It’s an obvious illustration but we sometimes refer to a seemingly stifling situation as though we are “chained” to something. For example, someone might radically change careers and say, “I didn’t want to be chained to a desk anymore.”
MSNBC recently filmed a documentary series titled, Chained to My Ex. It’s about divorced couples who, for one reason or another, must still live together. One of the taglines says, “being married and living together can be unbearable, but being divorced and living together? That can be true hell.”
What if you were literally chained to someone? That’s the situation Paul found himself in for two years in Rome.
When we last saw Paul he was under arrest, on his way to Rome to appeal his case to Caesar Nero. The ship he was on was wrecked. Everyone on board survived and made it to land, to the island of Melita. While gathering sticks to make a fire Paul was bitten by a deadly snake. He shook it off and showed no signs of illness let alone death. More than that, God used him to heal many of the sick on Melita.
We’re rushing through arguably one of the most exciting episodes of Paul’s life. That’s because we already know it so well. It’s like a favorite scene from a favorite movie. We want to find out some new things about Paul; or at least things that are a little more obscure.
We pick up the story, then, with Paul arriving in Rome.
Acts 28:16 Now when we came to Rome, the centurion delivered the prisoners to the captain of the guard; but Paul was permitted to dwell by himself with the soldier who guarded him.
“Dwell by himself” means Paul was not in a prison; not in a cell. He was in a house he rented under what we would call house arrest.
Paul wrote several letters during that first Roman house arrest – Philippians, Ephesians, Colossians and Philemon.
In Philippians he made this fascinating statement:
Philippians 1:12 But I want you to know, brethren, that the things which happened to me have actually turned out for the furtherance of the gospel,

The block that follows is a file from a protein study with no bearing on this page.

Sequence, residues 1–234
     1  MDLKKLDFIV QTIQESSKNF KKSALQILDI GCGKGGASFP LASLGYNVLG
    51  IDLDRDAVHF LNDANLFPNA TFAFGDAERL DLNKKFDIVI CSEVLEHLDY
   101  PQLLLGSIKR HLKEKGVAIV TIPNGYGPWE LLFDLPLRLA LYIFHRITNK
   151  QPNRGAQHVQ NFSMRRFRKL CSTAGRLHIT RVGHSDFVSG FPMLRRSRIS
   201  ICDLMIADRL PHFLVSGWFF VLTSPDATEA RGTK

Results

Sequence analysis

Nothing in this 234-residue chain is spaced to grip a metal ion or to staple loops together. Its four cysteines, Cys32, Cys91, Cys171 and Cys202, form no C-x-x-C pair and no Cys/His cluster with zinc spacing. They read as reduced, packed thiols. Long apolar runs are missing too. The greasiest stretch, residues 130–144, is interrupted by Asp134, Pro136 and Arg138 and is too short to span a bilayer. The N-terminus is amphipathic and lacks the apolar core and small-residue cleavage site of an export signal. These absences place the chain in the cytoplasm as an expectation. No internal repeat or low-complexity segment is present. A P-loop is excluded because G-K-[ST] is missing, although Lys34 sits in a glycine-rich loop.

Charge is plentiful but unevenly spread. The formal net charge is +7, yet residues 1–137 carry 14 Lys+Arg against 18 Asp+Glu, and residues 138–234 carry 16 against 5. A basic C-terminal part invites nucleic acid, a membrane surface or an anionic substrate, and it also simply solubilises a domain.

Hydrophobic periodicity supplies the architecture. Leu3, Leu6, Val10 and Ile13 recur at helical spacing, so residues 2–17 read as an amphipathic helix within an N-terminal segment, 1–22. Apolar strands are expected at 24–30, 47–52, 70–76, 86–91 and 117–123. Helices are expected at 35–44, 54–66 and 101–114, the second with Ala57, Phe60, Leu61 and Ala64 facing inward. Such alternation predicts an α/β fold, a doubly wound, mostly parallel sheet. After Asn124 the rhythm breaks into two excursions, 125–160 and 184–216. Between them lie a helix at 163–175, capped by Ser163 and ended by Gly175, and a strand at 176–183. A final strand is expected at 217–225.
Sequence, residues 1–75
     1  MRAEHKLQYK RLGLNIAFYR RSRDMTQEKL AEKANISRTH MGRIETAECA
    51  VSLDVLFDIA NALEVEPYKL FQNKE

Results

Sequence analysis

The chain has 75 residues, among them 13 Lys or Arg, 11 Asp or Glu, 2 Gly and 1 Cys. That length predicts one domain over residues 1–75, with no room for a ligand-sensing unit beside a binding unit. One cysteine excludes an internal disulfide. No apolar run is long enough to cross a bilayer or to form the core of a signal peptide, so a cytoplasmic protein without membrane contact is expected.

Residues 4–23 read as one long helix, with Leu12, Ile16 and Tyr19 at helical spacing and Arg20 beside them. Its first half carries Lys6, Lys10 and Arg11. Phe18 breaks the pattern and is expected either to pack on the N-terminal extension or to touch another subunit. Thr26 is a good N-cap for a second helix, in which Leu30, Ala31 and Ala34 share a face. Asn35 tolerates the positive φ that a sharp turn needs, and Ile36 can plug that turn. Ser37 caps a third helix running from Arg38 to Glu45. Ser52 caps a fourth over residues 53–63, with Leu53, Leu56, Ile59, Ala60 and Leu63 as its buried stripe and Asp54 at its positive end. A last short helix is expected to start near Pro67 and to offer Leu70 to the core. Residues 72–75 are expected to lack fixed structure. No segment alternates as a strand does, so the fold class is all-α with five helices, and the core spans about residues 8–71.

Philippians 1:13 so that it has become evident to the whole palace guard, and to all the rest, that my chains are in Christ;
The “palace guard” was the Praetorian Guard, the Imperial Guard of Rome. This guard was an elite corps of soldiers, established to guard the Emperor of the Roman Empire.
The body was instituted by Augustus and was called by him praetoriae cohortes, praetorian cohorts, in imitation of the select troop which attended the person of the praetor or Roman general. Augustus originally stationed only three thousand of them, three cohorts, at Rome, and dispersed the remainder in the adjacent Italian towns. Under Tiberius they were all assembled at Rome in a fortified camp. They were distinguished by double pay and special privileges. Their term of service was originally twelve years, afterward increased to sixteen. On completing his term, each soldier received a little over eight hundred dollars. They all seem to have had the same rank as centurions in the regular legions. (Marvin Vincent, Word Studies In The New Testament, Vol. III, p. 420).
Paul had been delivered to the Praetorian Guard to await trial before the Emperor. Paul said of himself that he was “bound in chains,” where the Greek word halusis is used (see also Acts 28:20 and Ephesians 6:20). The halusis was a short length of chain by which the wrist of a prisoner was bound to the wrist of a soldier who was guarding him so that escape was impossible.
Was Paul really chained 24 hours a day to a Praetorian Guard? Probably not. It would make sleeping weird if not difficult! He wasn’t really much of an escape risk, either. I’m sure he was chained a lot – sometimes to a Praetorian Guard, other times to his bedpost. His overall situation was that of being chained and he was literally chained a great deal.
Think of it. In the course of two years one by one Praetorian Guards would be on duty with Paul. These guards were therefore under the constant influence of Paul and the Gospel.